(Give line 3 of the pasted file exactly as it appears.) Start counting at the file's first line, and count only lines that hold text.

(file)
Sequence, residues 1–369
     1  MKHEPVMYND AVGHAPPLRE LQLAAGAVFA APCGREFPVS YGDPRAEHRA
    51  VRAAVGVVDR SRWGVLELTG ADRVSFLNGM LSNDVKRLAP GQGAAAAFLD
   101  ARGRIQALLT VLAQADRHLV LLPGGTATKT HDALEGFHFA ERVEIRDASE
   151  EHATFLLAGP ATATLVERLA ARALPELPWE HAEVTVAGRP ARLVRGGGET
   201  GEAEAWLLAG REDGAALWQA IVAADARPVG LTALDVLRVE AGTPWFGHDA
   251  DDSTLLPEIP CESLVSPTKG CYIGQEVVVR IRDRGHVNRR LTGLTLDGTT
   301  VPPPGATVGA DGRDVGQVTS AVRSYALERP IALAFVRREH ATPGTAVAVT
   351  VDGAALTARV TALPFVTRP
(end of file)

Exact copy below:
    51  VRAAVGVVDR SRWGVLELTG ADRVSFLNGM LSNDVKRLAP GQGAAAAFLD